Would You Commit a Random Act of Kindness If It Took 1 Minute & Could Save 8 Lives?

In the happiness world, there’s a lot of talk about “committing random acts of kindness.”

As I wrote about in Happier at Home, I’m a bigger fan of non-random acts of kindness — but there is one random act of kindness that I absolutely believe in.

If you support organ donation, please speak up about it.

Take a moment to sign the donor registry. That way, everyone can easily know your wishes, should the need arise.

Also, let your family and friends know that you’d want to be an organ donor.  Post a message on Facebook or Twitter, send out a blast email, talk about it over dinner. If and when they had to make a decision on your behalf,  in a time of grief and shock, it would be a tremendous comfort to them to know what you would want. To make it easy to find what you wrote, add the hashtag #organdonor.

This issue is particularly close to my heart. For decades, my husband had hepatitis C, which attacks the liver (he got hep C from a blood transfusion during a heart operation when he was eight years old). Well, it turns out the liver is a very, very important organ to have.  A liver transplant was definitely a possibility for him, so I became very interested in this issue of organ donation.

By a miracle of modern science, my husband is now cured. Yes, CURED. Tears well up in my eyes, even just typing those words.  (If you want to read more about one of the happiest days of my life, go here.)

He probably won’t need a new liver, but so many other people will, or they’ll need kidneys or hearts or whatever.

It’s a rare and transcendent privilege to die in a way that allows others to live. One person can save eight lives, and improve the lives of up to fifty people.

Signing the registry, telling the people you love — these are such small, easy things to do, yet could have such tremendous consequences for so many people.

It’s a random act of kindness because we don’t know whether the chance will arise, or if it does, who will benefit. But it’s an act of kindness just to raise your hand to be identified as a willing donor.

I live in New York City, and today is the very first annual Organ Donor Enrollment Day here. Sign up, speak up, today.

Many people sign up as organ donors at the Department of Motor Vehicles. That’s great, but it may be years before you’re back to renew your license. You can sign the registry or post a comment right now.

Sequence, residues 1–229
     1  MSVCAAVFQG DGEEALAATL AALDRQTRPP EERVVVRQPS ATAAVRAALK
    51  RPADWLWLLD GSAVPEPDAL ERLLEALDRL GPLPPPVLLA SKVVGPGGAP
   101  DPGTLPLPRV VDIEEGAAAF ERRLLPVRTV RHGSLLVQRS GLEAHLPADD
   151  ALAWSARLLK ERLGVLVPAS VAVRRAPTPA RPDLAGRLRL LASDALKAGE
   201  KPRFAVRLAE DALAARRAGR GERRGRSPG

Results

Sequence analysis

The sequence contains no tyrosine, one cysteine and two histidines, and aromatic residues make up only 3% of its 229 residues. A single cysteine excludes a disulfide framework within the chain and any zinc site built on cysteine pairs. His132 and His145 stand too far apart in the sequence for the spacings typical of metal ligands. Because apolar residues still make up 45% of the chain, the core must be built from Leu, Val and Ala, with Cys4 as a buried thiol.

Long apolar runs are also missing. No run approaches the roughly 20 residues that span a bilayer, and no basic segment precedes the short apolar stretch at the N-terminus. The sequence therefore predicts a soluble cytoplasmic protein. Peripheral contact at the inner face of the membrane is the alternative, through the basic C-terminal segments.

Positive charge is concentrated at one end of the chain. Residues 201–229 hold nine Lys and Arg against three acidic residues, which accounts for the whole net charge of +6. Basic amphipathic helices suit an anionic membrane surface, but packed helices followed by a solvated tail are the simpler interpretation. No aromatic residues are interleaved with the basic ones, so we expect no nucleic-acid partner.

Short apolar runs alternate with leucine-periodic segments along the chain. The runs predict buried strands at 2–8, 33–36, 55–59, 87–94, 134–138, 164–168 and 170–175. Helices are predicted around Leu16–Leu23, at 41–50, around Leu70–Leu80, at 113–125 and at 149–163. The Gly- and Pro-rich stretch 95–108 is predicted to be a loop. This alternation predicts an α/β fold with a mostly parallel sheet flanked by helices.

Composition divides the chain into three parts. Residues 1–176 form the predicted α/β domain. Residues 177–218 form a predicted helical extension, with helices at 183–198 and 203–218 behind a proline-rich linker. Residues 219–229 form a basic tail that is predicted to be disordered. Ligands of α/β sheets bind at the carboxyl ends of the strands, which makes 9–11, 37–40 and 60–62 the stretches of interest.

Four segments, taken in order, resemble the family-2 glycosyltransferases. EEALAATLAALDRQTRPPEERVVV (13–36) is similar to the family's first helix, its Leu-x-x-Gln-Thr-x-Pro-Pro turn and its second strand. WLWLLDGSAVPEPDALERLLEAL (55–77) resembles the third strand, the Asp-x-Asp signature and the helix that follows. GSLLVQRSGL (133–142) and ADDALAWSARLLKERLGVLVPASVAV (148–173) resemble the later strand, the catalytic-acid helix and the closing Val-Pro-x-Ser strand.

You may help many other people — and you’ll feel great, too.

Do good, feel good.  As Montaigne observed, “These testimonies of a good conscience are pleasant; and such a natural pleasure is very beneficial to us; it is the only payment that can never fail.”

Have you signed the registry, or had a conversation about this issue?

Share this post on Facebook to tell your family and friends that you support organ donation.


What Are Your Questions and Comments about Upholders, Questioners, Obligers, and Rebels?

My sister and I are having a great time doing our podcast, Happier with Gretchen Rubin.

Coming up, we’ve decided to try something a little different.  We’re going to do a special series on the Four Tendencies framework that I discuss in Better Than Before, my book about habit formation.

With the Four Tendencies, I divide all of humanity into four categories: Upholders, Questioners, Obligers, and Rebels.

For four weeks on the podcast, we’re going to focus on the Tendencies. Strengths, weakness, striking patterns…and you’ll get to hear me talk about being an Upholder and Elizabeth talk about being an Obliger. And you’ll get to hear me talk about Elizabeth’s Obligerness and hear her talking about my Upholderness!

Plus we’ll have guests to speak for Questioner and Rebel.

In the meantime, you can read about (more…)

Agree? Sometimes, Being Giving Is Actually Being Needy.

“How unconscious we are, often, that giving may actually be asking, asking at the very least for attention. I am sure I err in this way myself. This kind of giving for selfish reasons often ends in frustration and even recrimination: ‘I have given you so much. Why don’t you answer or respond?’ which is to say, ‘When I love you so much, why can’t you love me?’”

–May Sarton, Journal of a Solitude

Sometimes, we can be needy by giving. Sometimes, (more…)

Want to Get My Podcast by Email? Now You Can.

Elizabeth and I are having so much fun with our weekly podcast, Happier with Gretchen Rubin.

We just launched it six months ago, and we’re already closing in on four million downloads. Zoikes!

Many listeners have told us that they’d like to be able to get an email alert every time we release a new episode.

Voila! Done.

To sign up, click here (happiercast.com/join), enter your email, and then you’ll get an email alert for the new episode each week. (more…)

Revealed! Book Club Choices for October. Such Great Books.

Pardon this moment of book self-promotion: Did I happen to mention that I can now reveal the jacket of the paperback for Better Than Before? Oh right, maybe I did. Anyway, here it is again!

Because nothing boosts happiness more than a great book, each month, I suggest:

· one outstanding book about happiness or habits

· one outstanding work of children’s or young-adult literature–I have a crazy passion for kidlit

· one eccentric pick–a widely admired and excellent book that I love, yes, but one that may not appeal to everyone

Shop at IndieBound, BN.com, or Amazon (I’m an affiliate), or your favorite local bookstore. Or visit (more…)